As is the case with the troposphere and stratosphere, a small boundary separates the mesosphere from the thermosphere. The mesopause forms the border between the 2 layers.
The relative absence of solar radiation combined with the cooling effect of carbon dioxide in the mesopause makes it the coldest region on earth, with temperatures falling as low as -100° Celsius (-148 ° Fahrenheit).
But we are far from finished. There is yet another layer above the mesosphere that needs to be examined...
The thermosphere (sometimes called the Ionosphere) lies between the mesosphere and exosphere. It is only separated from the mesosphere by a thin layer called the mesopause.
From a human perspective, the thermosphere is quite popular and, as a result, one busy place. It plays home to the International Space Station and approximately 800 active satellites.
This off-course this does not include the thousands of pieces of garbage in the form of space debris orbiting the earth in the thermosphere. (Yep, we are not just filling our planet with garbage, but also the space above us, and a very important part of space).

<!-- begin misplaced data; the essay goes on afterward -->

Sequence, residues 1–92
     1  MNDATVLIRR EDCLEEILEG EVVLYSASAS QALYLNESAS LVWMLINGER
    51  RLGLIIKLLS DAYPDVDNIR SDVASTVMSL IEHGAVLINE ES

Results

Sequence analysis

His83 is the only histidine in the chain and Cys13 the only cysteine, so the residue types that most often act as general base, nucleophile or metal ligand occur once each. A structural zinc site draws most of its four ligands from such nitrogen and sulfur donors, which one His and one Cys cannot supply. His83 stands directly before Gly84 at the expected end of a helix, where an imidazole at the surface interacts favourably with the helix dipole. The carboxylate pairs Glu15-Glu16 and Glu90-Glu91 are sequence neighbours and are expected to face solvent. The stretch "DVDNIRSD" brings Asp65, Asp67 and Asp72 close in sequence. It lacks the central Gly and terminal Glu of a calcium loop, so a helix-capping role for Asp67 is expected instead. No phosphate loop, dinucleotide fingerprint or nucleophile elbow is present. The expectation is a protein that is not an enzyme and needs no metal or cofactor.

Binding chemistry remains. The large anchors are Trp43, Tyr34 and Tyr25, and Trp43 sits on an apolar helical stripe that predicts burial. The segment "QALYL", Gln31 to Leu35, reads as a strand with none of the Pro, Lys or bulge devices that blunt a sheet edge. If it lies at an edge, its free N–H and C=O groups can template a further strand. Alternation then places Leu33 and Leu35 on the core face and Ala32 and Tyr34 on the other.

Composition Of The Thermosphere
The air is extremely thin (with almost a zero amount of air density), and gravity almost non-existent in the mesosphere. The properties of air closely resemble that of the vacuum of space as a result.
Since space is seen to start at 100 km (62 miles) above the Earth by many definitions, it is not surprising that the thermosphere is seen as part of space in many circles.
The little air present in the thermosphere mainly consists of helium, atomic nitrogen, and atomic oxygen.
Ions are also created in the thermosphere when ultraviolet radiation causes photoionization of molecules. (This process takes place in the ionosphere, which is spread over the thermospheres and stretches over parts of the mesosphere and exosphere.)